Figures released by the Office for National Statistics (ONS) show that property house prices in the Northwest of England rose by 3.4 per cent in the year to May.
Since the Brexit referendum in June 2016, the property market has struggled with buyers and sellers taking a ‘wait and see’ approach.
While the extension of the Brexit deadline from March to October this year helped the market, political uncertainty has affected demand and supply.
Chief economic adviser to the EY Item club, Howard Archer, said: “The housing market is still finding life challenging amid major uncertainties, although there are significant variations across regions.”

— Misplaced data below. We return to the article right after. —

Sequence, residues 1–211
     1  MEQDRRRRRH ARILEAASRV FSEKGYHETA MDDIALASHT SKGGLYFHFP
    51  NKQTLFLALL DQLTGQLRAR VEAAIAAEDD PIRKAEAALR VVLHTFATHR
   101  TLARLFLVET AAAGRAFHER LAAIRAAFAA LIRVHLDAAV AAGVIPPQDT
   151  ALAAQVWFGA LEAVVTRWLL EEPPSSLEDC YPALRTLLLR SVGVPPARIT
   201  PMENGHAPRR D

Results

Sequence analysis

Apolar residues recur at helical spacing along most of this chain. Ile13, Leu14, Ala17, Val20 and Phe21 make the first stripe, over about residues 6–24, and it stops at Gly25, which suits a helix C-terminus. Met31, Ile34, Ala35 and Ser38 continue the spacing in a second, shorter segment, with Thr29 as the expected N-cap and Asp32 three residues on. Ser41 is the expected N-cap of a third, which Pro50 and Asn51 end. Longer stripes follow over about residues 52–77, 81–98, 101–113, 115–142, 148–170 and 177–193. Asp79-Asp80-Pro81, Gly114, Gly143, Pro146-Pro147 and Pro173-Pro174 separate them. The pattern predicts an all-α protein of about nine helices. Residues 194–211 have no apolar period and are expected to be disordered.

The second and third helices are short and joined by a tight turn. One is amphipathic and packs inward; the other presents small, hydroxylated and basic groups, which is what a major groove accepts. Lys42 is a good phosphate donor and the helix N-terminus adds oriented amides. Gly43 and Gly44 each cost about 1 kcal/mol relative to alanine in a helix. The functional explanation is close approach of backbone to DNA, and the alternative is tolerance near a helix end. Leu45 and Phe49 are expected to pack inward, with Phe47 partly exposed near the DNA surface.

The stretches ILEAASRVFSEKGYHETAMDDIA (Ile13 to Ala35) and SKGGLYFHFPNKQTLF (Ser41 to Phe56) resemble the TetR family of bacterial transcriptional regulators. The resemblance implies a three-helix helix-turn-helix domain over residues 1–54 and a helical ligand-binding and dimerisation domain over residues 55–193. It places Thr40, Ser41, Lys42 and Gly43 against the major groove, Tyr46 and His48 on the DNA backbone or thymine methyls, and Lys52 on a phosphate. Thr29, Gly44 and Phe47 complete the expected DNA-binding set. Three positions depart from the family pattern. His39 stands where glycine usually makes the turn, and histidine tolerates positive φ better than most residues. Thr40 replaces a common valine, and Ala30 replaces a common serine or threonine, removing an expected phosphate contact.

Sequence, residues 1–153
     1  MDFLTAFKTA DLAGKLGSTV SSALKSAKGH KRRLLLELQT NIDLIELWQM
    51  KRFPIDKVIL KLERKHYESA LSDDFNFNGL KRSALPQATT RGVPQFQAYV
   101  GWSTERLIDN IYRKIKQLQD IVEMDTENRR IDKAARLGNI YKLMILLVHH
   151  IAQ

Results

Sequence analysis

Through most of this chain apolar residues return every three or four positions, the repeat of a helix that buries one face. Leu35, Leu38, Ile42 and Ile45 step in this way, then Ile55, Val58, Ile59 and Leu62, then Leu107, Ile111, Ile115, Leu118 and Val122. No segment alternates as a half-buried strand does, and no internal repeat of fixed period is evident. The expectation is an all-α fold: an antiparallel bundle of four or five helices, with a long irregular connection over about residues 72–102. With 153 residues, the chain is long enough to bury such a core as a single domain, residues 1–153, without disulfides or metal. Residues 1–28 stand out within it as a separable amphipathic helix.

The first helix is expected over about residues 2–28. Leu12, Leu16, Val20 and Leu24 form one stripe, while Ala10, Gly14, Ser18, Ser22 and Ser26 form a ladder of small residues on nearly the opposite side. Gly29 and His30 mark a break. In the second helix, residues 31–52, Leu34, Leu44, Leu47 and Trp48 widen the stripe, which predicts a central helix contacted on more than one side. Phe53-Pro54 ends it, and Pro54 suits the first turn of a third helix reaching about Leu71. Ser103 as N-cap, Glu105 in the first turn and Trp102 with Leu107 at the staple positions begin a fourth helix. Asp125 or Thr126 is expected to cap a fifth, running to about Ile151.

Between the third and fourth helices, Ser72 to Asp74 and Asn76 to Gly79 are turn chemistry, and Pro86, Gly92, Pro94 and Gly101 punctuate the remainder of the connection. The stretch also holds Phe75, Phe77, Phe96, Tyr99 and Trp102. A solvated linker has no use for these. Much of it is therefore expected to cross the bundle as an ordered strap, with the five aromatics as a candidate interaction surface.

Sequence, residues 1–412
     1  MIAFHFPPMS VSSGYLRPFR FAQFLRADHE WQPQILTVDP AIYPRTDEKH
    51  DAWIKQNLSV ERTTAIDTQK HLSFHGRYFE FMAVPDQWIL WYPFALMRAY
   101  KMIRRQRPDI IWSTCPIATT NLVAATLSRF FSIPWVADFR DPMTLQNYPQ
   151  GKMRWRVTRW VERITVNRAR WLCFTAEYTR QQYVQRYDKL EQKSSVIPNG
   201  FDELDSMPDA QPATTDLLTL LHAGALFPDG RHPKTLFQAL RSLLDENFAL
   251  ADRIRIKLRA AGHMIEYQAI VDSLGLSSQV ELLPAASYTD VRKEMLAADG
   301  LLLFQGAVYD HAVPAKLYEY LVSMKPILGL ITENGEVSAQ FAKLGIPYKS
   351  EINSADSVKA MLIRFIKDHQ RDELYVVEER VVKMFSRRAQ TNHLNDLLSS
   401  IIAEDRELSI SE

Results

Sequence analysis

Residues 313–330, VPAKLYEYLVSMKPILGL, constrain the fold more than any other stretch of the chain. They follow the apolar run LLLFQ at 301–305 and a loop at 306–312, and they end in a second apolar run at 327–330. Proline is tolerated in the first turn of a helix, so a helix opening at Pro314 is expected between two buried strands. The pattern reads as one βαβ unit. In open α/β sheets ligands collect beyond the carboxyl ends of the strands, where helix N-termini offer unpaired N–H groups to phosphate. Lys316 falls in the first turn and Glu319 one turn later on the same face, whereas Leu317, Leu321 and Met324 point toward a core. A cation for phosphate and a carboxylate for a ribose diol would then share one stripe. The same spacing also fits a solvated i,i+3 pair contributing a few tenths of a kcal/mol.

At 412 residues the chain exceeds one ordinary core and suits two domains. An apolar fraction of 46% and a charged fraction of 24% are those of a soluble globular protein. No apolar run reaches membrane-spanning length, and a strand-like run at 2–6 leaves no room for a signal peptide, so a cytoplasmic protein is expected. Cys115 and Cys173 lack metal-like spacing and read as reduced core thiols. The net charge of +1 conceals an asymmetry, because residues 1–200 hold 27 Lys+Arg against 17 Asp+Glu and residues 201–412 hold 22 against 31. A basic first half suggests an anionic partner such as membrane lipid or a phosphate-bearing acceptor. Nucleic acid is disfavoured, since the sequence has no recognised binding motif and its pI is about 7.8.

According to the ONS, the average house price in the northwest – including areas such as Liverpool and Southport – grew by 3.4 per cent to £164,261.
Economists predict that house prices could rise again if Britain secures a Brexit deal before the leave date of 31 October. Strong wage growth, better consumer buying power, robust employment and low interest rates have all given the property market a boost.
Changes in house prices are closely watched by government and central bankers. Policymakers view the performance of the property market as a key economic indicator that serves as a guide to the overall health of the economy.
The combined house price index from the ONS and the Land Registry tracks sales data on housing transactions made with cash or mortgages. This includes newly built properties and homes that have been occupied for a long time.